1. ## What is advanced metrics?

Keep hearing about coaches that are disciples of it (like Casey i believe) but have no idea what it entails exactly.

2. I think it's like complicated math. Like long division.

3. Basically, in sports we try to quantify and translate what see in the court in the numbers that we can process. The original and most familiar stats are the box score stats, things like Points, Rebounds, Assists. However, over time other people added things to measure like blocks and steals. However, the stats do a very limited job in reflecting the impact a player has on the court.

Over time more and more stats get added things like FG%, however, no new addition is 100% accurate in reflecting what happens on the court in a formula or stat. Therefore, you see new stats or metrics pop up that claim to be a MORE reflective way of measure impact on a basket-ball court.

John Hollinger's PER or Personal Efficiency Rating claims to be a more reflective way of measuring how much of an impact a player has than just regular box score stats and is one of the most visible stats that get grouped under "advanced metrics". There are many others and I would direct you to http://www.basketball-reference.com/about/glossary.html the Glossary section of http://www.basketball-reference.com/

It has explanations of almost all the advanced metrics currently being used and links to other sites...

Win Shares
Offensive Rating (ORtg)
Defensive Rating (DRtg)
Rebound %
Usage
PER36

Are just a few more I could think of off the top of my head. If you just look at the formulas, they can be difficult to understand however, if you take a little time to read some articles about what they are trying to capture and how they do it, it is easier to process. I really think that stats like these really are MORE reflective in evaluating production than just regular box score numbers.

However, no 1 stat, or even a group of stats are perfectly capable of reflecting player performance and probably never will be 100%, the goal is always to just be a little bit better than what we currently use. Also, a new metric doesn't necessarily mean that you no longer use other metrics, basically you evaluate everyone using all stats/metrics available and hope that you get a better picture overall than if you just used box score or 1 specific advanced metric.

Don't be intimidated by the numbers, no one is actually going to test you to do the calculation, just try to read a couple articles and try to understand what some people are trying to measure and you will probably get smarter as a fan.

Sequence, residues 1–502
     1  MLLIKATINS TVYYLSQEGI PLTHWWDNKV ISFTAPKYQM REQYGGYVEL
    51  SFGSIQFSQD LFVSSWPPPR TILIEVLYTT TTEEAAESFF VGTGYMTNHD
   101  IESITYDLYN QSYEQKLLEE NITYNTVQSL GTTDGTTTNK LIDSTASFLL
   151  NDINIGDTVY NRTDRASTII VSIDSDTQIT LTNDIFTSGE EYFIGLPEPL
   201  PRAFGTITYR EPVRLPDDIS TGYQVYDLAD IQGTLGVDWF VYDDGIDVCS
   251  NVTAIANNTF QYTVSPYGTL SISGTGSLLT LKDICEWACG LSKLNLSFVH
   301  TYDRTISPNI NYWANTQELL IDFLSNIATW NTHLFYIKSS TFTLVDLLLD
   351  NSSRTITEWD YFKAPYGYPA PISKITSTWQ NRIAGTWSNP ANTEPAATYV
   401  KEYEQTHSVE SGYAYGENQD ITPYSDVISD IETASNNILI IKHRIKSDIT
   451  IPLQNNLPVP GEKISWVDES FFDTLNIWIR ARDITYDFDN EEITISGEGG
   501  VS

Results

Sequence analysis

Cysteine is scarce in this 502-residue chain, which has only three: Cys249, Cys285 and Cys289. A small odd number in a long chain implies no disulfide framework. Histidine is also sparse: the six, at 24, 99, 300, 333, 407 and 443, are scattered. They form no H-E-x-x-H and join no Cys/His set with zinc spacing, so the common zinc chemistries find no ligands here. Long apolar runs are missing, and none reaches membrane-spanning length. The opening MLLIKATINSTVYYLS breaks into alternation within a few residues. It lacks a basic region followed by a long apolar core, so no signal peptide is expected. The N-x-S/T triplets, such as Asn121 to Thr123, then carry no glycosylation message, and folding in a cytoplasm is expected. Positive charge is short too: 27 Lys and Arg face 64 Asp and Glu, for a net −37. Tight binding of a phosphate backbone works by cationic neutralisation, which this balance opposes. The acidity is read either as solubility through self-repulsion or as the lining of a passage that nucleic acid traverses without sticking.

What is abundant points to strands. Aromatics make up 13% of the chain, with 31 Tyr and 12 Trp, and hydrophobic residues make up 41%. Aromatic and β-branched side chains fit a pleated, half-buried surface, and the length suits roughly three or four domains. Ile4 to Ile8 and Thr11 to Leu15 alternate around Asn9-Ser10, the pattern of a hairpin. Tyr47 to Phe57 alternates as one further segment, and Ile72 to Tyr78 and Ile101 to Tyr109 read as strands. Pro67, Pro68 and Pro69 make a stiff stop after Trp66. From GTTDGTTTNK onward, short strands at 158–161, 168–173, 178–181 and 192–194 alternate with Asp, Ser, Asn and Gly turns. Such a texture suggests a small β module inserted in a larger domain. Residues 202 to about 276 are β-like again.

4. so in that sense the coach or gm is gonna roll with whoever has the best PER type deal?

i'm cool with that.

5. ceez wrote:
so in that sense the coach or gm is gonna roll with whoever has the best PER type deal?

i'm cool with that.
well in a sense yes, and in a sense no. (and I really hope none of them use PER, or atleast just PER, as their metric of choice)

Ideally they will use advanced metrics to see how players are doing and how line-ups are working etc. I don't think they will (and I hope coachs/GMs don't) just use advanced metrics to decide on players. They'd use them for planning purposes (ie. and idea about a player, a line up or a need) and to help identify problems.

Think of advanced metrics as a tool in a tool box. They don't do the job for you, and you don't use them unless there is something that needs to be fixed. But make sure you have them when you are looking to buy that new desk from Ikea.

6. GarbageTime wrote:
well in a sense yes, and in a sense no. (and I really hope none of them use PER, or atleast just PER, as their metric of choice)

Ideally they will use advanced metrics to see how players are doing and how line-ups are working etc. I don't think they will (and I hope coachs/GMs don't) just use advanced metrics to decide on players. They'd use them for planning purposes (ie. and idea about a player, a line up or a need) and to help identify problems.

Think of advanced metrics as a tool in a tool box. They don't do the job for you, and you don't use them unless there is something that needs to be fixed. But make sure you have them when you are looking to buy that new desk from Ikea.
At this point, advanced metrics are more for front office guys trying to determine how good their players are and how good the other teams players are so they can get good value on their trades and to help ensure they get a good player. This still doesn't work 100% of the time. I've heard, and believe, that Coangelo uses advanced metrics to a large degree, but that didn't stop the Jermaine O'neal trade from not working. You have to admit it did look good on paper at the time.

as GT mentions, coaches use it to a lesser degree to determine the efficiency of different line ups, and this is something relatively new, and a lot of coaches probably don't spend a lot of time or energy on those metrics. With the success of Carlise - that he is known to value advanced metrics to a high degree, that his line up seemed more fluid, and was seen to out-coach spolestra (and also riley to an extent, but that's my own conjecture) I'm sure more gm's and coaches will move towards greater use of metrics at the coaching level.

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